Burn the Ships
Hernan Cortes, famous Spanish explorer, made history in the year 1519. After landing in the New World with 600 men, they anchored the boats to go ashore. He then ordered the ships to be burned. This sent a clear message to his men: There is no turning back. Two years later, he succeeded in his conquest of the Aztec empire. There are countless debates on whether he burned them or just destroyed them, but for me, the purpose remains the same. There is no turning back.
Many times in our lives, we believe we are moving forward but have not released something from the past so we are unable to move on. Instead of moving forward in the fast lane uninhibited and free, we are slugging forward through wet concrete dragging a few boulders. One of my favorite authors, Mark Batterson, says we should “get rid of dead yesterdays and unborn tomorrows”. Dead yesterdays need to be buried or burned and left behind.
Sara Groves in her song “Painting Pictures of Egypt” sings “I’ve been painting pictures of Egypt and leaving out what it lacks”. She is referring to the ancient Israelites wandering miserably in the wilderness after escaping centuries of slavery in Egypt crying out to go back to their captors! History has a way of tricking us. The longer we carry it, the more the narrative of history changes. We forget the bad. We forget the good. The history becomes something that can be used against us. The history lies.
The most dangerous thing that history does is beckon us backward. As if reliving our history is an option for our future. It never is. The way things were will never be again. The yesterdays are dead and we must leave them to lie where they lay.
History also leaves us ruminating in regret. Marshall Goldsmith says in his new book, “The Earned Life”, “….[regret] accept its inevitability but reduce its frequency. Regret is the depressing counterweight to finding fulfillment in a complex world.” When we are focused on regret, our history dominates our present and our future. Failing forward is a more appropriate action that can move us toward another decision, or another outcome versus regretting something in our history.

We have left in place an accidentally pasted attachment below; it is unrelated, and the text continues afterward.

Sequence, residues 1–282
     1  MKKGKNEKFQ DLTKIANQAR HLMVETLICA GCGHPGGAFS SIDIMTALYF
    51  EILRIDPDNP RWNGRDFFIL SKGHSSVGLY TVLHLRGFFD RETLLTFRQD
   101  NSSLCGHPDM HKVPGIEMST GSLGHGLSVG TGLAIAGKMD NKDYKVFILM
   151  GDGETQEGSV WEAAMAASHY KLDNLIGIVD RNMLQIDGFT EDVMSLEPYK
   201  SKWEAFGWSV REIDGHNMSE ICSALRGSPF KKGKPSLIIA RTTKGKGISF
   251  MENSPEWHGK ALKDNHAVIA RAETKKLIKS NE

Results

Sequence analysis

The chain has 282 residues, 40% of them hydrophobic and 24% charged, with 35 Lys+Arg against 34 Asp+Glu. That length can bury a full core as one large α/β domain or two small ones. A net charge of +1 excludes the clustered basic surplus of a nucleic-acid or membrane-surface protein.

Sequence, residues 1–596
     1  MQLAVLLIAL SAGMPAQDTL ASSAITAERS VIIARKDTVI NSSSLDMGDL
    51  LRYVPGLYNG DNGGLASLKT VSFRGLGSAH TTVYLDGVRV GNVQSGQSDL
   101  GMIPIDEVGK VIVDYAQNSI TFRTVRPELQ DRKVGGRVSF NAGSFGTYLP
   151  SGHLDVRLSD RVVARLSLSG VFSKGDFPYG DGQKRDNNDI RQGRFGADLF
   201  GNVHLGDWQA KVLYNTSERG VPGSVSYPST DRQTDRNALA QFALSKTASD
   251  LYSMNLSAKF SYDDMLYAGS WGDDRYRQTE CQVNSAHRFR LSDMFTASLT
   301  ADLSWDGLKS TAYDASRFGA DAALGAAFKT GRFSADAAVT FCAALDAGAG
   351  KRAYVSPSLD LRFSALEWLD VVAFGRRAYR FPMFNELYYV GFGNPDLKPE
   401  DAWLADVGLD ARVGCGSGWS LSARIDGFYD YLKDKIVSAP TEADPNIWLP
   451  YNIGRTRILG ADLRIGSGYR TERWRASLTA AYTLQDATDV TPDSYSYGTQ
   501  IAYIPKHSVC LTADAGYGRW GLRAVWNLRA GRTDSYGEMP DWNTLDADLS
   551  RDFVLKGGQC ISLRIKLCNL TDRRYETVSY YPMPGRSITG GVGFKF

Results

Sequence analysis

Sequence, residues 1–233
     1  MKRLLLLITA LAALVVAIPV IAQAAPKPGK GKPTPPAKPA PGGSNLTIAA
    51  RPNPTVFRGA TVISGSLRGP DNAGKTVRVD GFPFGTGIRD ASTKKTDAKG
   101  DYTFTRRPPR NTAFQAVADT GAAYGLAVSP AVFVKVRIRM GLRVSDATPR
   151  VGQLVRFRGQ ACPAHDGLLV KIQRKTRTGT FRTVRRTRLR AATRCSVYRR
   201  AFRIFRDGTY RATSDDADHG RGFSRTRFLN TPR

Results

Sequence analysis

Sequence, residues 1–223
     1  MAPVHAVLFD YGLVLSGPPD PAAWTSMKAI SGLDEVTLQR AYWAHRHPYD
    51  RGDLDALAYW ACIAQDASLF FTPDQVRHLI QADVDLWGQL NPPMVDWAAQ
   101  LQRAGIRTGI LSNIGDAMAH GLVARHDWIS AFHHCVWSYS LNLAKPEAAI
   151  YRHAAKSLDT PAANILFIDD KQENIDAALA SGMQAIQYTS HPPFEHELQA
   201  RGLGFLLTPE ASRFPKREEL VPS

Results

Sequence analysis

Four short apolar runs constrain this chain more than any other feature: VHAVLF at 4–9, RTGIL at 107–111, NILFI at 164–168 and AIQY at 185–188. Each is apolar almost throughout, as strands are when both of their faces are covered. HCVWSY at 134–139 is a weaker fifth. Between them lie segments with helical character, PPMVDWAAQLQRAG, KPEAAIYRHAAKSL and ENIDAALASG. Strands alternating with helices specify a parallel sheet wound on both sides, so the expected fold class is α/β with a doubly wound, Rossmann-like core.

Regardless of the successes and failures in our lives, the way we frame our history and hold onto it or let go of it matters. Burning the ships is about using history to move us to the next step and not looking back. We learned the lesson once. We get to live this day once. Then we move to the next. The ships had their purpose to bring them across the Atlantic for Cortes and his men. Then the purpose was gone. Everything for a season and for a purpose.
“We are living an earned life when the choices, risks, and effort we make in each moment align with an overarching purpose in our lives, regardless of the eventual outcome,” Goldsmith says in “The Earned Life”. Regardless of the eventual outcome. If our effort is aligned with our purpose, it stands to reason we live with less regret. History with regret is strangling. History with misalignment leaves gaps that we carry. Undone work. Undone business. These undones are also like the regrets of history and have to be burned with the rest of the ships in the harbor.
I am an actualist. Not that any of us have ships we can burn or a harbor nearby (not where I live anyway). Write a list of the history that is interfering with your present or your future. Document the regrets, the undones, all the rumination in your mind. Put it all down on paper and burn it. Bury it. Actually set it free. Leave it behind. Watch it go. Feel the freedom of living in today with a new path of tomorrows ahead.